Wednesday, April 19, 2006

Wal-Mart: Further Insights on Retail Brand Repositioning

Given the recent pieces I've written regarding Wal-Mart, and the piece I wrote back in September, I thought I'd check my thinking with a friend who has vast retail experience.

I ran into Bob two days ago at the squash club. Bob is a retired retail executive and consultant. He's worked for many major retailers, as well as consulted them and others. Plus he's older than me, which I like, because he remembers things of which I am not even aware.

When I queried him about "the wheel of retailing," retailers moving upmarket, and Wal-Mart, he was guarded in his remarks. Essentially, he feels that a retailer may, if they move very slowly, creep upmarket. But he was much less optimistic about doing so in a consistently profitable manner.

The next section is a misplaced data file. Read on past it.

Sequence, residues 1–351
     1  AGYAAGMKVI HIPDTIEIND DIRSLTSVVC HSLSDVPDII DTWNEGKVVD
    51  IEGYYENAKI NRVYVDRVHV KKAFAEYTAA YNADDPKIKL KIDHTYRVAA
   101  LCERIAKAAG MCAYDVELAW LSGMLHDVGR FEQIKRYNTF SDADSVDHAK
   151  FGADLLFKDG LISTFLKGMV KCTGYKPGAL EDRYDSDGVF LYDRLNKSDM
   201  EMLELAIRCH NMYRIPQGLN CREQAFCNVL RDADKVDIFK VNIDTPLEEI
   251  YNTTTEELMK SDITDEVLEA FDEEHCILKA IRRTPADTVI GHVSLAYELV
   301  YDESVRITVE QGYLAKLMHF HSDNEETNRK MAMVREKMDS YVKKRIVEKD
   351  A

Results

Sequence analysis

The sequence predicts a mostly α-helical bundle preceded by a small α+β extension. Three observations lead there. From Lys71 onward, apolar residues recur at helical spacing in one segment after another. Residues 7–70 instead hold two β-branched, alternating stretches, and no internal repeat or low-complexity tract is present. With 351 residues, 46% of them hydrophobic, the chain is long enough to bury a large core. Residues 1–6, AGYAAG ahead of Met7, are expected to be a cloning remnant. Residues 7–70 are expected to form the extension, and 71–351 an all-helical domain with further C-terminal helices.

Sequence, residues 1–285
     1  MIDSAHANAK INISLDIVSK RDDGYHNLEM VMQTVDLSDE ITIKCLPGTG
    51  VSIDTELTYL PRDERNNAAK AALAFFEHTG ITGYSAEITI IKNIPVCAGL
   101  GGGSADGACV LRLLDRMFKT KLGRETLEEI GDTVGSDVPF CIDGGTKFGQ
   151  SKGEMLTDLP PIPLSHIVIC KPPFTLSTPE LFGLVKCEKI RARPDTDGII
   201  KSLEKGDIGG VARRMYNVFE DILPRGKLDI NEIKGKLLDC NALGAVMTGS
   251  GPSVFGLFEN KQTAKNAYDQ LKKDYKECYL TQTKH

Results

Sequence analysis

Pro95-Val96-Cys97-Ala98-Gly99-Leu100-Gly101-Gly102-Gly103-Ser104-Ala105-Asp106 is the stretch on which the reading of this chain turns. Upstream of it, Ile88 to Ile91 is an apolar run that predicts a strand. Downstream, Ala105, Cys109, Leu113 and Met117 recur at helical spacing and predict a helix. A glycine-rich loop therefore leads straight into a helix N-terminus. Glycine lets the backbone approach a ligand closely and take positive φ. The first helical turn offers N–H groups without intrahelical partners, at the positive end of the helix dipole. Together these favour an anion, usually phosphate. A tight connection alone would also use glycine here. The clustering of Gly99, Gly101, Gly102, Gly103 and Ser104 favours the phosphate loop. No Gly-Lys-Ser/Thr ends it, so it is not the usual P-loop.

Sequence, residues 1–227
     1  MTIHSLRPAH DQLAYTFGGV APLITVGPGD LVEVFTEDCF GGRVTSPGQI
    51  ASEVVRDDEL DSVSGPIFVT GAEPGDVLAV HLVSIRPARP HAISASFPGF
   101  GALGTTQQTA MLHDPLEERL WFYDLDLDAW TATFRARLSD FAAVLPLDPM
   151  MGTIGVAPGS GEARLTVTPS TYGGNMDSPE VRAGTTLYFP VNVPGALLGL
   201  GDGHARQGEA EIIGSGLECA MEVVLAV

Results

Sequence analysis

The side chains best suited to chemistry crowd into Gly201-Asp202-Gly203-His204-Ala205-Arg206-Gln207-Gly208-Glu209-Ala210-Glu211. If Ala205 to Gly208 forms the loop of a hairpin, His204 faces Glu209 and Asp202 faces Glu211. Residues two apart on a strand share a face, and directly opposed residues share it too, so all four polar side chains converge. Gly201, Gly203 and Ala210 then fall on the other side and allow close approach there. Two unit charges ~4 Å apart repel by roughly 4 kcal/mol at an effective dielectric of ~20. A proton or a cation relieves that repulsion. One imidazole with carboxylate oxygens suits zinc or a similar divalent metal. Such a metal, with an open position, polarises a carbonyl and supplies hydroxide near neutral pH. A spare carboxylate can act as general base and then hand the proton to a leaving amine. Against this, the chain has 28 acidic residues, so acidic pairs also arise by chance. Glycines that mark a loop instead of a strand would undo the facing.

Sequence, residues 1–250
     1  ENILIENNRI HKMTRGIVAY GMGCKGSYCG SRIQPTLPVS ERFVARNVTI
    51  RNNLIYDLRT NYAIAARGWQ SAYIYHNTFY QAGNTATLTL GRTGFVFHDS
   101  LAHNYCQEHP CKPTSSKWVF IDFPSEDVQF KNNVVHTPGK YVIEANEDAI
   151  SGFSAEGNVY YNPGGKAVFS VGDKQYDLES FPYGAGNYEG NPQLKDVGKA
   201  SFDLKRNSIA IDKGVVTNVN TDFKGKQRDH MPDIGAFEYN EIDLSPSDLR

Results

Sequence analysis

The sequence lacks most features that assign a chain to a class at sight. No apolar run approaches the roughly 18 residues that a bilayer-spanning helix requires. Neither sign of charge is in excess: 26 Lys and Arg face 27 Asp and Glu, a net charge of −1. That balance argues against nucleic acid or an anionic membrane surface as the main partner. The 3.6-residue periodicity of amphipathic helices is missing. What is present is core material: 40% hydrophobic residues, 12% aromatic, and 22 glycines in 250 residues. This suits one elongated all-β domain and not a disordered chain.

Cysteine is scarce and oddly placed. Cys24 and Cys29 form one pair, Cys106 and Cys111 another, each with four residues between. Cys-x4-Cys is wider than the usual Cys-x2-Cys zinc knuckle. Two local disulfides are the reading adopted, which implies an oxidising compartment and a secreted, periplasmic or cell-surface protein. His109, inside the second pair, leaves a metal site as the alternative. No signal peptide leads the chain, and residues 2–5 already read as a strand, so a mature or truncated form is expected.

As I expected, he dwelt on the omnipresent risks in such a strategy of losing one's original market segment, especially when the move is on economic dimensions, rather than on, say, pure style or even product niche. He nodded vigorously when I suggested that maybe Les Wexner's Limited was a better example of how to reach new customer segments, via added brands, rather than repositioning your current one.

So, after that discussion, and from even the past two days' news concerning Wal-Mart's fears regarding inventory management, gasoline prices, and sales growth, I still feel comfortable with my comments in September of last year. I do not believe Wal-Mart will be able to successfully reposition itself by moving upmarket and perform with consistent profitability and consistently superior returns for shareholders.

That's my expectation, and I'm sticking to it.

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